Waxwing

Waxwing
"To see a world in a grain of sand,
And a heaven in a wild flower,
Hold infinity in the palm of your hand
And eternity in an hour."

From "Auguries of Innocence"

by William Blake

Tuesday, 28 February 2012

Following in the Footsteps of an "Edwardian Lady"



I've recently been re-reading one of my favourite books "The Country Diary of an Edwardian Lady" by Edith Holden.




In 1906, when she was living with her parents in Olton, she kept a diary of Nature Notes filling it with poems, observations and charming paintings of wildlife seen through the months of the year in the surrounding Warwickshire countryside and whilst on holiday in Dartmoor and Scotland. For 70 years the diary was undiscovered and when it came to light a facsimile reproduction was published in 1977 entitled "The Country Diary of an Edwardian Lady.

Edith had also kept a similar diary in 1905 and this was also later published as a predecessor to the "Country Diary" and was called "The Nature Notes of an Edwardian Lady".



On 24th February 1906 Edith cycled from her home in Olton to Packwood Hall and she noted in her diary that the garden of the Hall adjoining the churchyard held huge clumps of snowdrops. She picked a huge bunch of these flowers and was also able to hold in her arms a newborn lamb shown to her by the farmer who then lived at the Hall.

Yesterday afternoon I decided to visit and see if the snowdrops were still there.

(Not the best of photos - it started to rain half way there and the light was awful!)

Here's the entrance to Packwood Hall and yes, there are still lots of snowdrops!




The Hall is now privately owned so I didn't really like to take the risk of marching up the drive to get a photo! but here's a picture of the moat which surrounds the Hall. Most of the house seen today is fairly modern but the east wing 17th century timber framing survives.



There were plenty of snowdrops along the path to the church



St Giles, Packwood, adjoining the Hall grounds. The churchyard was full of snowdrops and a few primroses were flowering.







I did have a look round the church which has some fascinating features but I will write about these in a posting later in the week.

Crocuses in the churchyard



Looking across the churchyard towards Packwood Hall




More than 100 species of wildflower have been recorded in the churchyard which is managed for wildlife and I hope to visit again later in the spring (in drier weather!)when the flowers are at their best.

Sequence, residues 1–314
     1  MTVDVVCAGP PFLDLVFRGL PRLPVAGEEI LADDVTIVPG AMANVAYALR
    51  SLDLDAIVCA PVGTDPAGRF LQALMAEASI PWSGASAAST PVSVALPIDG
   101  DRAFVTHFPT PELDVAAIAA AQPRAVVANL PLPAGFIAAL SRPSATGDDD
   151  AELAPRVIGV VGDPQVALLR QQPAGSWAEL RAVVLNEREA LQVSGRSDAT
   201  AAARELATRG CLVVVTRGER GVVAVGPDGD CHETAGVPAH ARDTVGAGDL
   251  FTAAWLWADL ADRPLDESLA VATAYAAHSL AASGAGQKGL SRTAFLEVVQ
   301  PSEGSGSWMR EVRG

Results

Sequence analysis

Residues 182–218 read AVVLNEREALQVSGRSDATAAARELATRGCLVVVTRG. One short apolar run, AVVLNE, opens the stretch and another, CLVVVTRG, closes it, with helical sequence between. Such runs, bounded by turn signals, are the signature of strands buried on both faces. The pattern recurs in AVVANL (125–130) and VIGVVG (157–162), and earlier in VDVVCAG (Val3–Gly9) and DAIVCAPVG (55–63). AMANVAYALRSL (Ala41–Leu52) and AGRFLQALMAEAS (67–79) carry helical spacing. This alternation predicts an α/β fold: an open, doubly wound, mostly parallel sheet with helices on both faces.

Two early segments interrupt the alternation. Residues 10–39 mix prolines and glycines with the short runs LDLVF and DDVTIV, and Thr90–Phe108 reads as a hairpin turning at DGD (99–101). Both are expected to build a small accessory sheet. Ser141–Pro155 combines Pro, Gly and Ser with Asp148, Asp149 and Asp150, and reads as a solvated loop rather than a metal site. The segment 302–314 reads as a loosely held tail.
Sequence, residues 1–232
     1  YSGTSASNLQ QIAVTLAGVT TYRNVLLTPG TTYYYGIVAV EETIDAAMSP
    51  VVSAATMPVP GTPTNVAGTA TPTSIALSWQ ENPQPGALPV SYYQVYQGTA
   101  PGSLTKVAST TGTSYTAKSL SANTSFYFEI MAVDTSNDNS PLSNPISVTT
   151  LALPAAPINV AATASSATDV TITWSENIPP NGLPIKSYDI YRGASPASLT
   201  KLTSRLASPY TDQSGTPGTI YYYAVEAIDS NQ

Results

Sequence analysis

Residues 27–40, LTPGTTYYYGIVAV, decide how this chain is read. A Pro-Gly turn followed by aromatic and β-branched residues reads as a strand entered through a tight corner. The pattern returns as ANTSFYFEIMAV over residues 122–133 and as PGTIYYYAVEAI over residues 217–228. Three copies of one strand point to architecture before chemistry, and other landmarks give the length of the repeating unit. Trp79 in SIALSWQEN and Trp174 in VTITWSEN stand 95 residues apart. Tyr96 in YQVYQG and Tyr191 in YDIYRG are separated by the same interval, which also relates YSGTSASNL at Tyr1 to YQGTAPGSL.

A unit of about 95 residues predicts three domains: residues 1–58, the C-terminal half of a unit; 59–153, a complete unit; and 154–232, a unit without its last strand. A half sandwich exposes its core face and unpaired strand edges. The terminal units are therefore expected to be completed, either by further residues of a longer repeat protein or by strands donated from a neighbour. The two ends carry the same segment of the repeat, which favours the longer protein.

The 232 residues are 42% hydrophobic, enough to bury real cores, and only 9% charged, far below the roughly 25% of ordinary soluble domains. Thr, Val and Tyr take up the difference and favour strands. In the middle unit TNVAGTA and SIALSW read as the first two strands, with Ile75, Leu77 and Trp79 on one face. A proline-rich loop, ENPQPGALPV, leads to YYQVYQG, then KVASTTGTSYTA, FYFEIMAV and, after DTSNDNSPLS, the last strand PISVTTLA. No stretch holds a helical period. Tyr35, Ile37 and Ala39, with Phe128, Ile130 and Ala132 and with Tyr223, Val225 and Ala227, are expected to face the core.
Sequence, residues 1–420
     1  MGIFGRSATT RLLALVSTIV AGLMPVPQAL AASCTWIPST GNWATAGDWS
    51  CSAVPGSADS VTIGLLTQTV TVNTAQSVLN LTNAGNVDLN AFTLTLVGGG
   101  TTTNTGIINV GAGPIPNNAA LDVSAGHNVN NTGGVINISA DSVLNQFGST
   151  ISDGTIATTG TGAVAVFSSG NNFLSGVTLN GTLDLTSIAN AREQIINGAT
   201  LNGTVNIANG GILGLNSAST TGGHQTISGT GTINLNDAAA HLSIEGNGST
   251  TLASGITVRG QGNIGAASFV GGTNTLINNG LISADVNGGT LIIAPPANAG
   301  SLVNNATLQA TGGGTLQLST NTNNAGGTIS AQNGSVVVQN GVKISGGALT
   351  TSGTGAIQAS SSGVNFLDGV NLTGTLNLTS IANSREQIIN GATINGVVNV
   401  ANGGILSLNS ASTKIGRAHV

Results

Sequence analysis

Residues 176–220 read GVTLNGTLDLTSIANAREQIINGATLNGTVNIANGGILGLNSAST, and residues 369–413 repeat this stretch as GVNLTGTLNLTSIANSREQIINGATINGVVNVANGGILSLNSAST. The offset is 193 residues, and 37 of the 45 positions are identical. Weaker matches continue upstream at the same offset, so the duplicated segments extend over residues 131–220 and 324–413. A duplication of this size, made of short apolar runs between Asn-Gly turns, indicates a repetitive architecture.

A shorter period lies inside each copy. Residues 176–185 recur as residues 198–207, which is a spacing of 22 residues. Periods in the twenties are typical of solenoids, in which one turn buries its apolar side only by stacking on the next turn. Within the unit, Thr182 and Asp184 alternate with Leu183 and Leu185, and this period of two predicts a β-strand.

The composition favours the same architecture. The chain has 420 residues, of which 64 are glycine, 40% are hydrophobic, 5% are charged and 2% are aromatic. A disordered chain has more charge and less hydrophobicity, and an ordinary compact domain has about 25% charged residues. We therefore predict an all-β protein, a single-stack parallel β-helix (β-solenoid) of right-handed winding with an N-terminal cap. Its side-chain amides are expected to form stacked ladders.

I did drive round nearby lanes and, although there were plenty of sheep about, I was unable to find any lambs to photograph!

EDITH HOLDEN

Edith Holden was born in Kings Norton in 1871, one of seven children. Her father was a paint manufacturer. She attended art school and worked as an illustrator and many of her drawings of animals were published in books. The Holden family lived in Moseley, Birmingham between 1871 and 1880 when they moved to Warwickshire occuping various houses in Darley Green, Kingswood, Dorridge/Knowle, and Olton. In 1911 Edith met and later married Ernest Smith a sculptor and lived with him in Chelsea, London. They had no children and tragically she died, aged 49, on 16th March 1920, when she slipped whilst gathering chestnut buds and drowned in the River Thames.

The places in Warwickshire mentioned in her diary are all fairly close to where I live so I am hoping to visit more of these over the course of the year.

Many thanks to the kind lady (sorry I forgot to ask your name) I met in the church who had come to replenish the supply of church guides and gave me such an interesting tour of the church and churchyard showing me many things I would otherwise have missed.

4 comments:

Rohrerbot said...

Robin, this is so wonderful. I am not sure where to begin. First this is a great post to drink with a cup of tea...which I am going to make...sleepy time because it's time for bed. Second, the reading.....you have a book that takes place in your area!!! And you went back to the place...what did it feel like? To see the same flowers she mentioned in her writing? It is an incredibly beautiful area. Lovely. Sad. Beautiful. Looked like a lot of fun to visit. Very touching and introspective piece you have here. Love the pics and narrative.

Ragged Robin said...

Hi Chris

Many thanks for your lovely comment - I am so glad you enjoyed reading the post.

It was very moving to visit the place she had written about and see the snowdrops. Some of the areas she visited over 100 years ago will have changed due to "Urban sprawl" and development but others, like Packwood Hall and the churchyard, remain unspoilt and rural. So it was beautiful to have seen it more or less as she would have done.

The one big difference between our visits was that within minutes after I left I was in a warm, dry car whereas she had to "ride home (on a bicycle) 7 miles in a storm of sleet and snow"!

I'll visit more areas she went to later in the year and I will certainly go back to the churchyard later in spring to see the show of wild flowers.

Thanks again.

Toffeeapple said...

A lovely post, I look forward to reading more about Edith and her habitat. I have those books on my wish list but everyone ignores them.

The area is rather lovely, you are lucky to live there.

Ragged Robin said...

Thanks for the lovely comment Toffeeapple.

I hope you get bought the books soon (I've had mine for donkeys years) - if you ever go to second hand bookshop or Fairs I've seen the Country Diary for sale in such places. They are truly charming books and her paintings are beautiful.